‘Stop at the Red Apple’
Founder’s daughter talks about her childhood at the Route 17 landmark
Joanne Palmer • Cover Story
Published: 12 September 2014
It’s one of those absolute generational and geographic divides.
If you are from somewhere other than here, or if you are below, say, 40 or so, the Red Apple Rest means nothing to you.
But if you are from here, defined very broadly, and if you are at least nudging middle age, then even if you never actually went there, your memory will conjure up images of that iconic place. It was what? A diner, sort of, or more accurately a cafeteria, a rest stop on the way up to the mountains. (And if you have to ask which mountains, then never mind. It’s the Catskills, dear. Now go and play while we grown-ups talk…)
The Jewish Standard
Elaine, who knew about lox, chopped egg and many delicious, homemade foods before she learned her times table, has written a book about the Southfields restaurant and her beloved father and family: “Stop at the Red Apple” (State University of New York Press, Albany). Its 265 pages, with photographs, is at once a love letter to Reuben Freed; then applause for those who built a business from scratch and invested day and night for more than five decades; and, finally, as the sunset of the restaurant became inevitable, a historical journey about part of American culture.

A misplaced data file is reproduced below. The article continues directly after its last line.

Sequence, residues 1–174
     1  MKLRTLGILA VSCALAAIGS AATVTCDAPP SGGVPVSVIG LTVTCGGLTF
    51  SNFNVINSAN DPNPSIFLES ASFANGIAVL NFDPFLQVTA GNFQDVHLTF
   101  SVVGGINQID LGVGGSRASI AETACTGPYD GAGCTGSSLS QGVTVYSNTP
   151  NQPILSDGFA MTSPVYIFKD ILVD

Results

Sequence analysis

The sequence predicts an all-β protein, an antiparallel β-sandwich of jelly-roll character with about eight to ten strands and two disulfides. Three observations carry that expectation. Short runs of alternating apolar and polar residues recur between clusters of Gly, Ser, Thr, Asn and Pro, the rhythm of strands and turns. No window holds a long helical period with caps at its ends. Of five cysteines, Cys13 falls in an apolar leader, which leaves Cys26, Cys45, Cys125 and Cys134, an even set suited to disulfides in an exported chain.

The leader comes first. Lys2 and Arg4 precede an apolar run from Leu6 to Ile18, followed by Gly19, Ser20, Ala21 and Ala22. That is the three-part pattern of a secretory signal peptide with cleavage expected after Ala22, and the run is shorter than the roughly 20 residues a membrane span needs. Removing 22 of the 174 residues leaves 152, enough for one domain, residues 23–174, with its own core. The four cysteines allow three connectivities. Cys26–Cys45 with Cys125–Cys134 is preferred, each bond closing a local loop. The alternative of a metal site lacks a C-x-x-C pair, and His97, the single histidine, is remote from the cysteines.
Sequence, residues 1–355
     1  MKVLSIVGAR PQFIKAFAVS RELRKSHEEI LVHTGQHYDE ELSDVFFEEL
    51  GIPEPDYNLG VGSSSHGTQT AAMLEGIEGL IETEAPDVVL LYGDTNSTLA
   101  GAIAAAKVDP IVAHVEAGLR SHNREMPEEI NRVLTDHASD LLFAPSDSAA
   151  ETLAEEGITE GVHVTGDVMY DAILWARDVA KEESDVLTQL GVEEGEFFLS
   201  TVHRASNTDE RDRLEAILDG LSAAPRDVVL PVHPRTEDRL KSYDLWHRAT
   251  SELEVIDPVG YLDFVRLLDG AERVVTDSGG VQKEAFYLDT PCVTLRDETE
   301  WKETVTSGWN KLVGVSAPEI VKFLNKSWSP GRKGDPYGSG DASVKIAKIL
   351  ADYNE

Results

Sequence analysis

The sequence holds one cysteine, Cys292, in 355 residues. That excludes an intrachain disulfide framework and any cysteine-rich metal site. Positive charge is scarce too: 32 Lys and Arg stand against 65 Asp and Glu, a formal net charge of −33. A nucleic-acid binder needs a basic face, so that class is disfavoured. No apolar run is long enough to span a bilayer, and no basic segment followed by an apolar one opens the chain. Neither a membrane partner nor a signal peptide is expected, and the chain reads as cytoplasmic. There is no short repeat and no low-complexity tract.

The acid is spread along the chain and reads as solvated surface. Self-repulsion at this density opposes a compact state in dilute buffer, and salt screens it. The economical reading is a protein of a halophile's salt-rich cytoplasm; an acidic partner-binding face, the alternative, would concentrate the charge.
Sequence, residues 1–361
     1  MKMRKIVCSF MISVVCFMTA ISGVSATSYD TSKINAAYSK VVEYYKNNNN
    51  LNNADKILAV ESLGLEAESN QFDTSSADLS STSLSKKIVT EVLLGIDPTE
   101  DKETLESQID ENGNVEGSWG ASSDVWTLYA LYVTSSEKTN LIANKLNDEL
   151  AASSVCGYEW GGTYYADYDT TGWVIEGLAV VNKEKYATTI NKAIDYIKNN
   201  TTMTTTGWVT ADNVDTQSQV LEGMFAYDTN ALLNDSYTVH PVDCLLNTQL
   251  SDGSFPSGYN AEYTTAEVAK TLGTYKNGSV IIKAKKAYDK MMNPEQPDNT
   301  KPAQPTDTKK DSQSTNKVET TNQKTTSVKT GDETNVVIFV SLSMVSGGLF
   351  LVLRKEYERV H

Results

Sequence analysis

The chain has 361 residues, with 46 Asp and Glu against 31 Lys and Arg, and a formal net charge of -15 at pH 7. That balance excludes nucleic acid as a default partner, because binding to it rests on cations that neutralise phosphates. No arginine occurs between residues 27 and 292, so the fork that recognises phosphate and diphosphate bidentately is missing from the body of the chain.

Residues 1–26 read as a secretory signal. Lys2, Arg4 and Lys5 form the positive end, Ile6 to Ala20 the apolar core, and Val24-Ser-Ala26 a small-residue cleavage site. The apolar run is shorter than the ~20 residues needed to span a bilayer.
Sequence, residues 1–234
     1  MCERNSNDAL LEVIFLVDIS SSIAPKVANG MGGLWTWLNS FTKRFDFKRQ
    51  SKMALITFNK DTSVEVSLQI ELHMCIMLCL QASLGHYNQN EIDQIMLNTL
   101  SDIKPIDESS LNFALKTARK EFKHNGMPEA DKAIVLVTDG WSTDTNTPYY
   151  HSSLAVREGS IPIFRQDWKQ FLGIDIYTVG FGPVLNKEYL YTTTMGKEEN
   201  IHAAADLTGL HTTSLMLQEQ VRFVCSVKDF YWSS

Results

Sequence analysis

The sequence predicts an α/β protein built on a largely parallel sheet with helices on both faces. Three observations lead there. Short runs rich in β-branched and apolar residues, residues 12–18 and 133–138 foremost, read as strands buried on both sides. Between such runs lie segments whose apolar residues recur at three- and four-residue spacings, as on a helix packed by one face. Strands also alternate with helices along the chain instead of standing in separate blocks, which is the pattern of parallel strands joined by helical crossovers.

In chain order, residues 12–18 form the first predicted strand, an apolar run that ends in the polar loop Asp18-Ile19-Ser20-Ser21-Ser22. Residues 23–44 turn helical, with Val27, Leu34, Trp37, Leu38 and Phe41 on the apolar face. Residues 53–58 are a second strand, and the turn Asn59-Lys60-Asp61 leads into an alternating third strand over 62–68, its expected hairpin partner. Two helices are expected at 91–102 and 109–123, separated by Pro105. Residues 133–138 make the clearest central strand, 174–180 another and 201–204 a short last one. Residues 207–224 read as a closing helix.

Elaine Freed Lindenblatt is a masterful writer. She is at once accomplished in her prose and then poetic because she releases the emotion of the family and its business that were so thoroughly enjoyed by so many for so long.
This is a book to sit with and savor in another “visit” to the Red Apple. It is beyond a family story. It is many stories, and so many are the enduring, revealing characters, so well described as are the decades and the culture in those years.
Arthur Gunther III’s review (12/29/14): (www.thecolumnrule.com)
Stuffed with vignettes, photos (including some of celebrity autographs), interviews, and personal recollections, this charming memoir describes the beloved restaurant during its heyday–and should offer many readers a pleasant trip down memory lane.
Hudson Valley Magazine, 2/13/15